Benedict: Take Joy in the Good of our Separated Brethren
(10-23-2012, 05:26 AM)TrentCath Wrote: i'm sorry vox but i'm confused, what is the difference between protestants and these heretics? You do realise that there were validly baptised heretics back then right? Regardless have you not seen the numerous authors and no less than three theological manuals which claim that heretics are cut off from the church, validly baptised or not, unless they are in good faith i.e invincibly ignorant? Can anyone bring up any pre conciliar sources to support these assertions? i, for one, would like to read them, as the leading manualists i.e tanquerey, ott etc... clearly state otherwise

From the Catholic Encyclopedia, written around 1910: "The fact of having received valid baptism places material heretics under the jurisdiction of the Church, and if they are in good faith, they belong to the soul of the Church. Their material severance, however, precludes them from the use of ecclesiastical rights, except the right of being judged according to ecclesiastical law if, by any chance, they are brought before an ecclesiastical court. They are not bound by ecclesiastical laws enacted for the spiritual well-being of its members, e.g. by the Six Commandments of the Church."

Protestants aren't "members" of the Church (I misspoke in an earlier post), but there is some level of communion with them by virtue of valid Baptism. It's just that simple. Some Protestants are even a part of the "Soul of the Church" (see "Mystici Corporis" about the Body and Soul of the Church). Most serious Protestants are good-willed (as good-willed as most Catholics are, anyway) and are ignorant of what the Church teaches. They've been lied to, misled, and are pretty clueless as a group (if they understood, they'd be Catholics, assuming they're good-willed). This just isn't hard to understand, and what the Pope said in the text that brought all this one, is fine. You might dislike often hearing that sort of talk, even if true, while rarely hearing anything about the dangers of heresy, the need to become formally Catholic, etc. (I do, too), but that's no reason to impugn the Holy Father's words. He even said they are "outside the community" ("For this reason the members of the Church must not be jealous but rejoice if someone outside the community does something good in Christ’s name") and invoked Our Lady, which a lot of Prots wouldn't appreciate ("dear friends, through the intercession of Mary Most Holy, let us pray that we might know how to rejoice in every good deed and initiative"). There's not one word in that text that is wrong, expressive of "indifferentism," or scandalous, let alone "clearly scandalous."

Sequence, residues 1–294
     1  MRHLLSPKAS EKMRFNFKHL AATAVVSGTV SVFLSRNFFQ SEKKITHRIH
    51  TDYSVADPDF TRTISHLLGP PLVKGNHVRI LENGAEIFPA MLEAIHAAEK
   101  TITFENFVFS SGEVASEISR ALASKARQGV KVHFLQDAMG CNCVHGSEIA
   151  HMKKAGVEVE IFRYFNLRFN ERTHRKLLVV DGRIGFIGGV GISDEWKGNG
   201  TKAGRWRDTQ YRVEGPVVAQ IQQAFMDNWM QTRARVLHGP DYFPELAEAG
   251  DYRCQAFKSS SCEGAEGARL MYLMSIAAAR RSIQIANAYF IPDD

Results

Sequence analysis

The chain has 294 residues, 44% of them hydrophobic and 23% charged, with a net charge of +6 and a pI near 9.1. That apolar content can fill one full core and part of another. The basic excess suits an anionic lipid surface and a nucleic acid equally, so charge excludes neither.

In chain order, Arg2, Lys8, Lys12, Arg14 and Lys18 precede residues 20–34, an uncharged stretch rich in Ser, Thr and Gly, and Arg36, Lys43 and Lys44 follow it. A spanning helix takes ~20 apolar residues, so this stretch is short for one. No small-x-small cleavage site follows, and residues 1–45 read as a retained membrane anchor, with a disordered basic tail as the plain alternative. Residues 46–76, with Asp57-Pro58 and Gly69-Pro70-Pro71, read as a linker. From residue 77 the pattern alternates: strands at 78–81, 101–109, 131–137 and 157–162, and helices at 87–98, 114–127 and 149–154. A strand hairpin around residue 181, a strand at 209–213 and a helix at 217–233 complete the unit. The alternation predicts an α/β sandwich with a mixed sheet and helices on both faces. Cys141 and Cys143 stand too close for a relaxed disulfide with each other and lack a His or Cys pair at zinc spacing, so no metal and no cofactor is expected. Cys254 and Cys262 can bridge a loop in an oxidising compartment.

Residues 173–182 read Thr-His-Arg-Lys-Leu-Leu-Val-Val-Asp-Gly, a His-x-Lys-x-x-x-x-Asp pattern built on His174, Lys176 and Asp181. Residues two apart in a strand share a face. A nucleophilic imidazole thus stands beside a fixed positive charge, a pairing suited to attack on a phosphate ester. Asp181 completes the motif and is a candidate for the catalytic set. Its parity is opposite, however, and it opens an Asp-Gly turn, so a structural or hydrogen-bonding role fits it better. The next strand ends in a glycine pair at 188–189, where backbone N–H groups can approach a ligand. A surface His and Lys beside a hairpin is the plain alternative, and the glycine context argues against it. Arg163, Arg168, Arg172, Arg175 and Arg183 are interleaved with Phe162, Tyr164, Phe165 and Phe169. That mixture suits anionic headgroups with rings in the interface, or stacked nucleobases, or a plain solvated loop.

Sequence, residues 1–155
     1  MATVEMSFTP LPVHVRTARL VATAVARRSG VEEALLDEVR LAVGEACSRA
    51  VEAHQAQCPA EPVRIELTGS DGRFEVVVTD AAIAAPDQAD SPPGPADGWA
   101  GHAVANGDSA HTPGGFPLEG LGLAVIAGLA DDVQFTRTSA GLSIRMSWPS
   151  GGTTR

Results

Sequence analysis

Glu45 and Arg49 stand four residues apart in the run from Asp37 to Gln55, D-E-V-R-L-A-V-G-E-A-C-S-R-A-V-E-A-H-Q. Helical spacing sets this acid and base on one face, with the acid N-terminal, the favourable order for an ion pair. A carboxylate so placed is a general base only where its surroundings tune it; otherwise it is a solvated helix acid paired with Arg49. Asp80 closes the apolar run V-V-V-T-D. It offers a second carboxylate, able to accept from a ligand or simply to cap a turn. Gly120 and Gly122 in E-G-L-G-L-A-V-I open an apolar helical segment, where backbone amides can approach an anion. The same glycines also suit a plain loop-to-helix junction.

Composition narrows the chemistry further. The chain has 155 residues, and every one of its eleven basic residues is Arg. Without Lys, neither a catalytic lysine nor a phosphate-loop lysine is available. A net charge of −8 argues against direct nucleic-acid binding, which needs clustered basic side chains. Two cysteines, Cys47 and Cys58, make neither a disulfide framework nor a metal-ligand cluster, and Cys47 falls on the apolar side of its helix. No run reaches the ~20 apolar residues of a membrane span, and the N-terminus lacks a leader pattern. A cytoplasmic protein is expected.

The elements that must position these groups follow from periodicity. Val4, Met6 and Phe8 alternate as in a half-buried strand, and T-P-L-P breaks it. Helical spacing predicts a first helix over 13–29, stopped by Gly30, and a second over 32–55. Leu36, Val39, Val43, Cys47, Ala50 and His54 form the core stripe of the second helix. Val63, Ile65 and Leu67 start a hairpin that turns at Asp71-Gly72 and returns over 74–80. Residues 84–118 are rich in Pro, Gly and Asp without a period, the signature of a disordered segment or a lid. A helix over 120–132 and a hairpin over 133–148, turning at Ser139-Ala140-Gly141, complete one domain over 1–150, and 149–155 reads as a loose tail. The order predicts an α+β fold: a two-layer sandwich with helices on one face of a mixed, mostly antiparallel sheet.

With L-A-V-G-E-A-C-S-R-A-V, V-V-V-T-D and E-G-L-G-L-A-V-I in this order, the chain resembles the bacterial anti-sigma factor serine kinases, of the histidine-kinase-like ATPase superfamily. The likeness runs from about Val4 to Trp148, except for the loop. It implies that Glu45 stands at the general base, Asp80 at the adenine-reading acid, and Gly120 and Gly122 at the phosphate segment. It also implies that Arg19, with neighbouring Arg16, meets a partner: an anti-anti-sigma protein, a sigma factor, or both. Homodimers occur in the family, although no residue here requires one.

Someone said earlier --
Quote: If being a Catholic means being a naive little child who has no use for his brain and reasoning skills and is to ignore clearly scandalous writings and speeches by the Vicar of Christ in a time of Crisis and just assume "he means authentic Catholic teaching" while actually only muddling up the waters, well.... I don't know what to think then.

That doesn't jive with me having reason.

Why bother thinking if all I have to do is assume his intentions are good?

-- but, as I said, that isn't what I am saying at all. I am not saying that people should turn off their brains. The problem is the opposite: people's brains going into overdrive, apparently just dying to find something so they can call the Pope's words "clearly scandalous." What the Holy Father said is accurate and completely innocuous, but some people seem to want to find "indifferentism" and "clear scandal."  If, instead of jumping to the keyboard to type that sort of thing, people would take a few minutes to get clear on their ecclesiology, things like this wouldn't happen.

Besides which, there is something to be said for having a childlike trust: Matthew 18:3 "And said: Amen I say to you, unless you be converted, and become as little children, you shall not enter into the kingdom of heaven." I don't think Jesus would be pleased at what is said around here of His Vicar. At the very least, there should be no apparent satisfaction in expressing the idea that the Holy Father is mistaken or, worse, being intentionally misleading.

Further, yes, one should always assume the Pope's intentions are good. If there is real evidence to show otherwise, then that's another story, but the assumption should be that his intentions are good. That's how you're supposed to deal with everyone, not just His Holiness. But for some folks here, the assumption is just the opposite, and perfectly kosher text is twisted and jumped on. That's what's scandalous.
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Re: Benedict: Take Joy in the Good of our Separated Brethren - by VoxClamantis - 10-23-2012, 06:41 AM



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